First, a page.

The collective unconscious, a concept originally defined by psychoanalyst Carl Jung, refers to the idea that the deepest unconscious mind is common to mankind as a whole. Adopting a socially-engaged practice, Scully collaborates with people experiencing homelessness in Dublin city. Through conversation on the streets and drawing workshops held at drop-in centres, Scully opens the door of the subconscious and attempts to illuminate the imagination of people experiencing homelessness. Their dreams, etched in copper, transition from a fleeting imaginary narrative to a concrete form.
Taking a unique approach to the tradition of patchwork protest art, 'I Will Serviva' is not a memorial for those who have lost their lives, but a cry for help for those that are still living. A live performance will take place in the exhibition space for a duration of 9825 seconds. Each second represents a person currently experiencing homelessness in Ireland.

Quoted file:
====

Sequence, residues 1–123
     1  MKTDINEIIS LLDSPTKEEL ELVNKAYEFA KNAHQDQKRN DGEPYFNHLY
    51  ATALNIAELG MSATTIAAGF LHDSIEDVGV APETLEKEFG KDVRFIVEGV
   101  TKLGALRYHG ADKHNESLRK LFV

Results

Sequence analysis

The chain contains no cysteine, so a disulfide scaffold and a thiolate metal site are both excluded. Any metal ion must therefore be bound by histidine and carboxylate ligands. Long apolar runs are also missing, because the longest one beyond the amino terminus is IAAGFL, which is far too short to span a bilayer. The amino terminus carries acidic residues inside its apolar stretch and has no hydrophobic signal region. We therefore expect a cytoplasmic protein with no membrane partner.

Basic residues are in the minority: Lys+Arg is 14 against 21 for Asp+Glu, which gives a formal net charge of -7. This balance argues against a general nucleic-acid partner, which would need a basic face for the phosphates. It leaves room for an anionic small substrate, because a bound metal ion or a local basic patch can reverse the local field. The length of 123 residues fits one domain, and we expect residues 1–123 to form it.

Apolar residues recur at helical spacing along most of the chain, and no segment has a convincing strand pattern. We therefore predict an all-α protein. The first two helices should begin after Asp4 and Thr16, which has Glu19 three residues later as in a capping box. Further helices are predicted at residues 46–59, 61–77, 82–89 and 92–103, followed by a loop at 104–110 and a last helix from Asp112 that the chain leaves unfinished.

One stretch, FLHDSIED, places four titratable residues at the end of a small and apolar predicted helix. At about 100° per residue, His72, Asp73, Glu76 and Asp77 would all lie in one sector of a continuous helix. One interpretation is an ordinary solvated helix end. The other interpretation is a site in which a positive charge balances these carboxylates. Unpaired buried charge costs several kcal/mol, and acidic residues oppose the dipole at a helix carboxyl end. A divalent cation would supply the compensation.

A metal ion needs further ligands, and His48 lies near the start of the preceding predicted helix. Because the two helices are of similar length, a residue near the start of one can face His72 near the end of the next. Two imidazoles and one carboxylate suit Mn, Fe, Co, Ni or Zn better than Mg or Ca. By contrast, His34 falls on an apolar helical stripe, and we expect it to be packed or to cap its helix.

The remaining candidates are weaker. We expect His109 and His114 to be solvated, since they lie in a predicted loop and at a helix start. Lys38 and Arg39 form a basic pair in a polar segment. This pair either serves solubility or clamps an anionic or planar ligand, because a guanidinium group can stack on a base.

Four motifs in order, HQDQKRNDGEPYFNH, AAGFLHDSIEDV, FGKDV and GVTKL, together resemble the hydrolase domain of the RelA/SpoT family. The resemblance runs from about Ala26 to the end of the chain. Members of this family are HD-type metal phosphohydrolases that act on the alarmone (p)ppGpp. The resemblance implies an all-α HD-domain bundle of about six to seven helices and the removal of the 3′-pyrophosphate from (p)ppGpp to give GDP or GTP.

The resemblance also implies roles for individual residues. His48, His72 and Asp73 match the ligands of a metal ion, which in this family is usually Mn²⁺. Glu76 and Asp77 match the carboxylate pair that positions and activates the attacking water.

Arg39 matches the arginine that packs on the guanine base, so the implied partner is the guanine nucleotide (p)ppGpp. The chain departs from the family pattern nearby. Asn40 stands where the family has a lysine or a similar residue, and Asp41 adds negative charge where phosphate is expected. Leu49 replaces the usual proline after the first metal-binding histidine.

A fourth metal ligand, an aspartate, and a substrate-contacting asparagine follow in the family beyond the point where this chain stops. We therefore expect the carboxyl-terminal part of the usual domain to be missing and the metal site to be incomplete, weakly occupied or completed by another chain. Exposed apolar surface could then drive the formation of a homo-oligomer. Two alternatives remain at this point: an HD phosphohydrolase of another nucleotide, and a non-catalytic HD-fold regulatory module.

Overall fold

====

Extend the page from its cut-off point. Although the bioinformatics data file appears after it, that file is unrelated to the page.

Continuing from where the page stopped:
Each patch, an individual story. The quilt, a collective unconscious.
The Peter McVerry Trust have expressed their support for the project and worked with Scully during the development of work. 20 percent of all sales will be donated to the Peter McVerry Trust.
I Will Serviva